So, for example you might do something like this:

Month 1 - indoors, 1xpw, total overs: 5
Month 2 - indoors, 1xpw, total overs 7
Month 3 - indoors, 2xpw, 5 overs per session total overs: 10
Month 4 2 weeks - outdoors, 2xpw, 7 overs per session, total overs 14
Month 4 2 weeks - outdoors, 3xpw, 7 overs per session, total overs 21

You may want to play with the numbers depending on your situation, but the key point is to build up volume over time rather than do nothing then steam in and get an injury.

Thanks heaps for the advice.
I just got two more questions.

I only started playing cricket 8 months ago and all ive done is a net session every week. Does this mean i should bowl less during a week than an experienced cricketer as my body isnt used to it? I used to do heaps of javelin so i think my body is used to this kind of stress.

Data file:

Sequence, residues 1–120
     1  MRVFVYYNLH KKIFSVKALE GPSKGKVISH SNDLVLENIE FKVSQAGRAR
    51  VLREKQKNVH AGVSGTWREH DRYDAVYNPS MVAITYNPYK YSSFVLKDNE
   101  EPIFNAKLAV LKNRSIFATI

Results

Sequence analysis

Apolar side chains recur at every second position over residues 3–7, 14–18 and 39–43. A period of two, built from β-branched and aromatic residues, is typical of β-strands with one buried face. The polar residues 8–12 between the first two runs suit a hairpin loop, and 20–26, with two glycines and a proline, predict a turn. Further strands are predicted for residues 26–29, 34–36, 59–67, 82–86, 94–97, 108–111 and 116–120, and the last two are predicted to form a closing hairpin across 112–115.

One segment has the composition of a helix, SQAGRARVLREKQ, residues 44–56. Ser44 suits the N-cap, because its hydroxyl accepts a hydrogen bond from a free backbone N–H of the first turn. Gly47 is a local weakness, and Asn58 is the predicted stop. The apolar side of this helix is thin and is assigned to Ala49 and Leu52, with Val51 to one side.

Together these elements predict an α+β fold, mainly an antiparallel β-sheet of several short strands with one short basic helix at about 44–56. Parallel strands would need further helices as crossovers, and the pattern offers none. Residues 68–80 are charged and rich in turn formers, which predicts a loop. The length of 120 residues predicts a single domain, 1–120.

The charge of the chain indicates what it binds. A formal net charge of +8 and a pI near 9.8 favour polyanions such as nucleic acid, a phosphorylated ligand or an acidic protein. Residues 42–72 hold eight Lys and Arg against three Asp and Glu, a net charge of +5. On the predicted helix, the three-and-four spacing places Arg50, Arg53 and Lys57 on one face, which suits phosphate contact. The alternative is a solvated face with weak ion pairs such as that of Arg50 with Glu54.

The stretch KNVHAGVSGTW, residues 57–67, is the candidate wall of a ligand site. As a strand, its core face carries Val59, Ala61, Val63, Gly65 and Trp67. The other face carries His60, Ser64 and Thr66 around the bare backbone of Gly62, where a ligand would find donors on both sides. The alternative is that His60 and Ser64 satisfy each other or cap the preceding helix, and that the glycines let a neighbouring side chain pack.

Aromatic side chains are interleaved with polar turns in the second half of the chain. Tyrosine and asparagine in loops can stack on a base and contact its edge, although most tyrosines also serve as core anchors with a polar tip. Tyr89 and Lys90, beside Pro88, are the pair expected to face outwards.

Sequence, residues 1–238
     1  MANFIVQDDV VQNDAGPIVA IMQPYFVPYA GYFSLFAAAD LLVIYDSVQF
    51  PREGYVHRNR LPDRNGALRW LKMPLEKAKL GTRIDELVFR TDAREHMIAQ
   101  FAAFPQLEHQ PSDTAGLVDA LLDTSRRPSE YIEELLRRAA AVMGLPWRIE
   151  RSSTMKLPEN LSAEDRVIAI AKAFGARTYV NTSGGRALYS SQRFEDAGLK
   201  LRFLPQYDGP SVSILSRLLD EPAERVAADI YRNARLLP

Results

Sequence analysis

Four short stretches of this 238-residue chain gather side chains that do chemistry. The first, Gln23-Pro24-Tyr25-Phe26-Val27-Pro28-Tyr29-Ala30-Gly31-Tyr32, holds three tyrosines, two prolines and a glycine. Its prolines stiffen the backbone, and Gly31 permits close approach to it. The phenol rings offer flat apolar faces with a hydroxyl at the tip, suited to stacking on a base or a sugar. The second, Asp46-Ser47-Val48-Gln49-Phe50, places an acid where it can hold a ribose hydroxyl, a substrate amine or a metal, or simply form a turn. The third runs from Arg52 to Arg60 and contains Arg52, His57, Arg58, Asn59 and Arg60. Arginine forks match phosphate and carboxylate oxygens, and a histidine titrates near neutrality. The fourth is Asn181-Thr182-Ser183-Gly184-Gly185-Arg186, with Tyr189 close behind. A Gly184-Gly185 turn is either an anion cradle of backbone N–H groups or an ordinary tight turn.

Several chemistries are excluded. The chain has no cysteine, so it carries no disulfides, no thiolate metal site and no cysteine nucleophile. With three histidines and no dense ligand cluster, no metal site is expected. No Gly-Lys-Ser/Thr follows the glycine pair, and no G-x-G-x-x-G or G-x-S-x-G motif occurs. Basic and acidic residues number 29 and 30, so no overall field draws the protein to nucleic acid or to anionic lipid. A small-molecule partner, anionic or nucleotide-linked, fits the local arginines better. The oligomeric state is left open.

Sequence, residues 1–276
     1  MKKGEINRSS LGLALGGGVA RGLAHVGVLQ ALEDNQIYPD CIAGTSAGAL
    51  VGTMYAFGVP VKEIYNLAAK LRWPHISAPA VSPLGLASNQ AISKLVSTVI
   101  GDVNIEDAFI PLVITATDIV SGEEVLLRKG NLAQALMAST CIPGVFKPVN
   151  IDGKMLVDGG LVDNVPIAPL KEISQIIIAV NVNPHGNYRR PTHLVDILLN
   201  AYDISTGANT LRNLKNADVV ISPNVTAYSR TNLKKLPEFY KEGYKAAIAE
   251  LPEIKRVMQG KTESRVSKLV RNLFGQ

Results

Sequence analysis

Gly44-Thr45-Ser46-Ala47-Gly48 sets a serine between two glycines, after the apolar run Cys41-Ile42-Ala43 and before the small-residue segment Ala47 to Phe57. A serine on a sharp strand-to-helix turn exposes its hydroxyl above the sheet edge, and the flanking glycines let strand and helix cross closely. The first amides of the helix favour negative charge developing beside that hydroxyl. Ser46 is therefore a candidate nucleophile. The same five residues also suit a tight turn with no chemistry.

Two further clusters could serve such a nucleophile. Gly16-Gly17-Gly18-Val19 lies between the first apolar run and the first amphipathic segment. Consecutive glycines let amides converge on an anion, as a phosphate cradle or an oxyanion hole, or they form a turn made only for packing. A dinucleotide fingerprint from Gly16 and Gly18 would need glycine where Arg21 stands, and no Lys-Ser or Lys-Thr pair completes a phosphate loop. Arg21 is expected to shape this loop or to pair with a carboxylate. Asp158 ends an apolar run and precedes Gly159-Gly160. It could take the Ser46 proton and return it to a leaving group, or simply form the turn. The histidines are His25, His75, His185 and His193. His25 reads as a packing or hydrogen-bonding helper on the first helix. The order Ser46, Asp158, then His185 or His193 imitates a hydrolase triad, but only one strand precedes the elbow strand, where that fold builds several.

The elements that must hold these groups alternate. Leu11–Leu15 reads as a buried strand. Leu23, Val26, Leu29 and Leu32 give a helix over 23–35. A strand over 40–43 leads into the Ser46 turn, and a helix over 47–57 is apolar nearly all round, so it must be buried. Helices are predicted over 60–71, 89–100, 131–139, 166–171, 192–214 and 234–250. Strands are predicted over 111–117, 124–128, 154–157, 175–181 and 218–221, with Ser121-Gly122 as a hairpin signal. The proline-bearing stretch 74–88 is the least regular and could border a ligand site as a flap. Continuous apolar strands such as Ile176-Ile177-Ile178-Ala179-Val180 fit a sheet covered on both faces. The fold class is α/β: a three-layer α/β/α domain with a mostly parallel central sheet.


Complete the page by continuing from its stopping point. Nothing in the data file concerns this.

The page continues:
Also,I am 19 as i said before and am 198cm tall and weigh 115 kg's. I measured my body fat and it was 15%. A lot of people are telling me that even if i get down to 10% i will still weigh to heavy and am too bulky for a fast bowler and are telling me to slim down further even though it means losing muscle mass. What are your thoughts on this?

Also if possible can you please explain more about genetic potential as it is the first time ive heard that term or even a just website explaining more about it.

Cheers heaps

Hey David,

I'm a 16 year old fast bowler who's been clocked at 70mph recently. I am on the skinny side and was wondering what i could do to increase my pace. I have been warned about bulking up, and am unsure about doing weight training as i have heard it's bad for a growing body. Please could you provide me with some advice, my idol is Imran Khan the ex-pakistani cricketer... I have heard that he was adamant on jogging as the best exercise for fast bowling as it increases stamina.. and then sprinting as well..

Carl, "Less" is a relative term. How much can you bowl in a given week?

As for your weight, that is hard to say without seeing you. It's very difficult to be too bulky to bowl fast. People who use words like 'bulky' tend to be less informed anyway as 'bulky' is not a useful description.